Tens of thousands evacuated in Italy as WWII bomb defused

Other countries have found British bombs from WWII too. Above, a 250 kg British bomb found in France. (File/AFP)
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Updated 15 December 2019

Tens of thousands evacuated in Italy as WWII bomb defused

  • The bomb was found during work on a cinema
  • Residents within a 1.5-km radius were evacuated

ROME: Around 54,000 people were evacuated from the southern Italian city of Brindisi on Sunday as experts worked to defuse a World War II bomb, in the largest operation of its kind in the country, media said.
The British bomb, one-meter long and weighing 200 kilograms, was found on November 2 during work on a cinema.
The device was damaged by the workers’ equipment, making the operation trickier.
All residents within a 1.5-kilometer radius were evacuated, and gas supplies were cut in homes within 500 meters of the site.
Some air traffic and rail services were also suspended.
More than 1,000 members of the security forces and around 250 volunteers took part in the evacuation operation.
The AGI news agency said the evacuation of more than half Brindisi’s population of some 87,000 began on Saturday with the transfer of 217 prisoners to other detention facilities.


Interpol warns of ‘alarming’ cybercrime rate during pandemic

Updated 04 August 2020

Interpol warns of ‘alarming’ cybercrime rate during pandemic

  • Cybercriminals are increasingly using disruptive malware against critical infrastructure and health care institutions
  • There was also an increase in the spread of fake news and misinformation which sometimes itself conceals malware

LYON: Global police body Interpol warned Monday of an “alarming” rate of cybercrime during the coronavirus pandemic, with criminals taking advantage of people working from home to target major institutions.
An assessment by the Lyon-based organization found a “significant target shift” by criminals from individuals and small businesses to major corporations, governments and critical infrastructure.
“Cybercriminals are developing and boosting their attacks at an alarming pace, exploiting the fear and uncertainty caused by the unstable social and economic situation created by COVID-19,” said Interpol Secretary General Juergen Stock.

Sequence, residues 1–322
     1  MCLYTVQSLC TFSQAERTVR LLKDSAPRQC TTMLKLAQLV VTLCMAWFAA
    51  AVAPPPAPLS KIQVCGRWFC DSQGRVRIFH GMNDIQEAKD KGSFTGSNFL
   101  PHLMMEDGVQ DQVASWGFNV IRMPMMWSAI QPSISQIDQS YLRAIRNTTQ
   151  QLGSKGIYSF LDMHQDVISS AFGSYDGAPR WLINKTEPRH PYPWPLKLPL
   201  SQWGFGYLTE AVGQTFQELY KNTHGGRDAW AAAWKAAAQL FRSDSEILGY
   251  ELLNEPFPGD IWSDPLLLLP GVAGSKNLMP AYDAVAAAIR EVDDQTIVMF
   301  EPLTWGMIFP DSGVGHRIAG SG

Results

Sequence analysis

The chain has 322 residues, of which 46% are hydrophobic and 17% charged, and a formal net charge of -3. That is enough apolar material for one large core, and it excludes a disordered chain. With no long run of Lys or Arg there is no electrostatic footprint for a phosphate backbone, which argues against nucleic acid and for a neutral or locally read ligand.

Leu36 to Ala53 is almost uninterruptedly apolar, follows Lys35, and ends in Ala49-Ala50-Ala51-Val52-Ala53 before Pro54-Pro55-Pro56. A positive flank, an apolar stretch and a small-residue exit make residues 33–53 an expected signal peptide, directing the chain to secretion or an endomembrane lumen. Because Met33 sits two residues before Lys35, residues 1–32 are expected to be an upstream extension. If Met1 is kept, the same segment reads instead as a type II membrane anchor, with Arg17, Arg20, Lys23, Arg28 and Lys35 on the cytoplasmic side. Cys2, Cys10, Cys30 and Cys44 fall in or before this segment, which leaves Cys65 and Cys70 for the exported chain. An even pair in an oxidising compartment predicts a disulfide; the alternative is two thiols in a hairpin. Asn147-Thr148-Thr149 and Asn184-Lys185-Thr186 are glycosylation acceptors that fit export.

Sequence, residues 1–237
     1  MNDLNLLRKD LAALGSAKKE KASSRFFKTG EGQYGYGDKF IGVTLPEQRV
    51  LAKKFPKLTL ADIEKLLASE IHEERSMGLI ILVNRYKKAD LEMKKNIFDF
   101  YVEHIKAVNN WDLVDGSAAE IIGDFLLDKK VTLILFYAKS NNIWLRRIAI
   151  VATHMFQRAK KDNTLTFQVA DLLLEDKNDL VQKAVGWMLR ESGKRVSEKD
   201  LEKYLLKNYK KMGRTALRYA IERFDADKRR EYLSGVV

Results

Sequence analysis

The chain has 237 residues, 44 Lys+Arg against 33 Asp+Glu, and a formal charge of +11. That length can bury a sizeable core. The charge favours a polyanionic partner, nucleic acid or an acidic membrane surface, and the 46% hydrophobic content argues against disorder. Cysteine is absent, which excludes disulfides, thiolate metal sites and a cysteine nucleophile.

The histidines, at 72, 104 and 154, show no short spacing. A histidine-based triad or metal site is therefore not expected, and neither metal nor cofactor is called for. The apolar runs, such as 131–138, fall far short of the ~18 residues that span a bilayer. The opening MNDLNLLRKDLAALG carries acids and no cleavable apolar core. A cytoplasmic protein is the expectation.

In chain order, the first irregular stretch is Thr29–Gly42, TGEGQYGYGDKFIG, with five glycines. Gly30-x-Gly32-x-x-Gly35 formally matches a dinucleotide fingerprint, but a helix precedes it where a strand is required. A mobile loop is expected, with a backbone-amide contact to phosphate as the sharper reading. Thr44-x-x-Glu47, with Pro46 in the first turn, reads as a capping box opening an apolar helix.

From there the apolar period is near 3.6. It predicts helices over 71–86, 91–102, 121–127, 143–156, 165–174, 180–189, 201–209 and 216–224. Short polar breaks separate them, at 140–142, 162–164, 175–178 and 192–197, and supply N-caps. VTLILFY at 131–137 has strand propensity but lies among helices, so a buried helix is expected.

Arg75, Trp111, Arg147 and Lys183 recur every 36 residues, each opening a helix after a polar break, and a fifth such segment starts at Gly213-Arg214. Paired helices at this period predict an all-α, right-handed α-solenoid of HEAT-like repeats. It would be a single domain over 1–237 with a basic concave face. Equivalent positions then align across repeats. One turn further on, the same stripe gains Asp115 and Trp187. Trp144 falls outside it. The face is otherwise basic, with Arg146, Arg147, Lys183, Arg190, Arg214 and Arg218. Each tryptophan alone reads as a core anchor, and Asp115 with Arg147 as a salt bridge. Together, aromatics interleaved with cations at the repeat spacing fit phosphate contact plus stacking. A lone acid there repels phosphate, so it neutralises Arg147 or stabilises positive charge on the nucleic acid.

“The increased online dependency for people around the world is also creating new opportunities, with many businesses and individuals not ensuring their cyberdefenses are up to date,” he added.
The report said cybercriminals were sending COVID-19 themed phishing emails — which seek to obtain confidential data from users — often impersonating government and health authorities.
Cybercriminals are increasingly using disruptive malware against critical infrastructure and health care institutions, it added.
In the first two weeks of April 2020, there was a rise in ramsomware attacks, in which users have to pay money to get their computer to work again.
There was also an increase in the spread of fake news and misinformation which sometimes itself conceals malware, said Interpol.
From January to April, some 907,000 spam messages, 737 incidents related to malware and 48,000 malicious URLs — all related to COVID-19 were detected by one of Interpol’s private sector partners, it said.
The agency warned the trend was set to continue and a “further increase in cybercrime is highly likely in the near future.”
“Vulnerabilities related to working from home and the potential for increased financial benefit will see cybercriminals continue to ramp up their activities and develop more advanced and sophisticated” methods, it said.
Once a COVID-19 vaccine becomes available, Interpol said, “it is highly probable that there will be another spike in phishing related to these medical products as well as network intrusion and cyberattacks to steal data.”